The Armstrong Summit Troll
On the summit of 4600-ft Armstrong Mountain
in the Okanogan Mountains of Washington State lives a troll. This particular troll is a pretty emotionless creature. You might say he is stone-faced all of the time. His will is as strong as granite. He is
One can drive rather easily with a high-clearance 2WD to the summit of Armstrong Mountain on the Colville Indian Reservation. It’s about four or five dirt miles off the highway. At the summit is a very tall steel lookout tower built some 50 years ago. The tower is now abandoned and the compartment at the top no longer has a roof.
The tower does not sit right on the summit. It’s pretty close. But not quite. Why doesn’t it sit on the summit? Because that’s where the summit troll sits…
In June 2010 Stefan Feller and I visited the summit at the end of a trip out that way. It was getting late and it was raining. We saw the troll in the woods and were scared off. I vowed to return with weaponry, if needed.
In July 2011 Jerry Daniels and I returned with weapons enough to slay the troll. Or at least smite it into submission. Or at least troll whisper it into obedience. Something. We got there and it began to rain. How nice. Luckily it stopped soon after it started. But it rained just enough to wet the rock and cause showery mini-waterfalls off the overhangs—especially above a section we would have to climb through.
In order to dominate the troll you have to climb up on top of its head and drill a spike into its skull. From the lookout tower the granitic blob does indeed have the appearance of a rock monster with shoulders and a head—the head itself being what looks like an avulsed block resting on a slant.
The easiest route up the 60-ft-high troll is Class 5. There are three or four route possibilities. They would need scrubbing to work into favor. The easiest route, and the one presumably done by others (there is some minor graffiti on the upper rocks), is on the south side—opposite the side of the lookout.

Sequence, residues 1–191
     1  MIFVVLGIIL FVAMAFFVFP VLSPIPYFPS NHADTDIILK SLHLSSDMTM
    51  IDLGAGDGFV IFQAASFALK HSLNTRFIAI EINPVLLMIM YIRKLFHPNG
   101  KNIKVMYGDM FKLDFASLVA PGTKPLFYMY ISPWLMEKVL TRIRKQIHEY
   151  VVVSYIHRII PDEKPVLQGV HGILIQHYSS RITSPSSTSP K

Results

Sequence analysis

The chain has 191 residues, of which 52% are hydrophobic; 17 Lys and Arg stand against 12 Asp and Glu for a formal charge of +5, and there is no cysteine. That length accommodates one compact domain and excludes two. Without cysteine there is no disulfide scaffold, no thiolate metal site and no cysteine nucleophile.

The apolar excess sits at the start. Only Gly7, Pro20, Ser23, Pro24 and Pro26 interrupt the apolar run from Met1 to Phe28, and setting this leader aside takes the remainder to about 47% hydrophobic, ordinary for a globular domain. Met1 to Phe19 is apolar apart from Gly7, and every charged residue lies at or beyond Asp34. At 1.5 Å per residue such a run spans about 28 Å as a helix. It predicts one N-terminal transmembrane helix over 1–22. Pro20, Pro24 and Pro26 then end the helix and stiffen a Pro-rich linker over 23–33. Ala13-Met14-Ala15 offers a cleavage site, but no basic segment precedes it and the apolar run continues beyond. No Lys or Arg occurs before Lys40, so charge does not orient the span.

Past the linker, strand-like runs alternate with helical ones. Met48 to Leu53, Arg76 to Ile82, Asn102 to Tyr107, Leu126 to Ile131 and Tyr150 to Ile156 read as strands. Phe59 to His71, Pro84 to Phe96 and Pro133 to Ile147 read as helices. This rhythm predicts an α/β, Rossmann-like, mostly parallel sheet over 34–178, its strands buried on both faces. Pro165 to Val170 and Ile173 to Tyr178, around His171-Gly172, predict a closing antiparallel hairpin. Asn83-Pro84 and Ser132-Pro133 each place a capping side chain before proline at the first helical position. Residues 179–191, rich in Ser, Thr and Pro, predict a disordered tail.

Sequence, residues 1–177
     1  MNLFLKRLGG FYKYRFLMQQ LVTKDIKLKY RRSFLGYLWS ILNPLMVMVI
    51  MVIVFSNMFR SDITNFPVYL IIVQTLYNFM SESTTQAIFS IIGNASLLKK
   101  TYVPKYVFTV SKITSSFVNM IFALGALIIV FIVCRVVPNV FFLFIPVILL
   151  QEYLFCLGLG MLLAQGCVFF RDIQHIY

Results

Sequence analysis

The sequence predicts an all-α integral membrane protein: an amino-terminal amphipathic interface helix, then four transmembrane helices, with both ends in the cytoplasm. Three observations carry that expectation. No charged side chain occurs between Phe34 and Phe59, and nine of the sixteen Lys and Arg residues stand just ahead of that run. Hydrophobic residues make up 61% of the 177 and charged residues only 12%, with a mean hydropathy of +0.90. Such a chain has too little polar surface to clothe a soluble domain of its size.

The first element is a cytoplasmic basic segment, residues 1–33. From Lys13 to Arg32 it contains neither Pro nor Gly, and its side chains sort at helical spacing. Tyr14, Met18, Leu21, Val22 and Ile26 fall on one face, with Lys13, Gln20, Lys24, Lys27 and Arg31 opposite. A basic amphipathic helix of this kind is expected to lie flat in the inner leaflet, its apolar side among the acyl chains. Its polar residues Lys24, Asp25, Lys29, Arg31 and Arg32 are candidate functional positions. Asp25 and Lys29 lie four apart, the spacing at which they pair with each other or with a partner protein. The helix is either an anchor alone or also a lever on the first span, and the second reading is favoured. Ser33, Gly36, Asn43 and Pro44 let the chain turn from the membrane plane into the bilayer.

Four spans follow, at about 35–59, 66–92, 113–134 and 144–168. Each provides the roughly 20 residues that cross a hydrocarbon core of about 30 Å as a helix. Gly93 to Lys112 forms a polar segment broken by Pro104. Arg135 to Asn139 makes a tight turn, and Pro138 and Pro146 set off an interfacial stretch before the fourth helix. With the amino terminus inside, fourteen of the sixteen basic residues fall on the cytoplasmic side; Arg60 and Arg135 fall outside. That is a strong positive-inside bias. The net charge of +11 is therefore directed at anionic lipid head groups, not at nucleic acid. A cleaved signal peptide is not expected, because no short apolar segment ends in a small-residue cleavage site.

A Class 3 slab in a crease gets one up to a rightward ledge under an overhang. There is small alcove here. Just past the alcove by a couple of steps is a weakness—a wide crack with chickenheads—at a point where the ledge thins to the point one needs to worry about falling off and down 15 feet to the ground if one should peel off the crack. The crack would be awkward to protect…unless you have a #10 and/or #11 hex (the cowbell hexes). I used my cowbell hexes! I used my cowbell hexes! Anyway…the crack is about nine feet high. To the right of the crack are other features to aid the moves. At the top one exits left to a flat. This first 9-ft weakness we rated at Class 5.4 if dry, Class 5.5 if wet. The holds are great. Great for hands; thinner for feet. Jerry led it in rock shoes. I followed in boots (and a heavy pack full of “gear”) and if it weren’t for my wedding ring getting caught on the first move I might have done it gracefully.
After the first weakness and the flat shoulder there is another short step. Whereas the first section is largely a crack weakness, the second section is a face about ten feet high (more like a wall, then). The face is about 20 feet long and there is possibly another route at its right end. But we simply went up the middle of the face using more thin ledges and holds. It seemed a little harder—possibly due to the wetness on the lichen. We rated it 5.6 if wet, perhaps 5.4 if dry.
So, over all, we think this route (the easiest route) is Class 5.5. Other routes up it would range from 5.8 to 5.11+ but would need scrubbing. But this is Indian land, so you probably shouldn’t do too much of that.
To get off we found a bolt, a shiny new one, complete with a short chain. So if you climb it you won’t have to leave a rappel ‘biner. A rappel on our 30m rope got us back to the ledge by the alcove (a ten foot free-hanging rappel for the last part), then a second rappel on what was left of the rope down to the base to avoid having to downclimb the Class 3 crease. Either way. We rappelled because we had the rope for it.
And thus was smote the troll. The End (of this fairy tale).
[CLICK HERE FOR ORIGINAL SIZE IMAGE TO READ THE ANNOTATIONS
Lookout Tower Climb
Other Potential Routes
Northeast Corner and West Face:
The Disautel Sasquatch
on the northeast side of the road, about three miles WNW of Armstrong Mountain.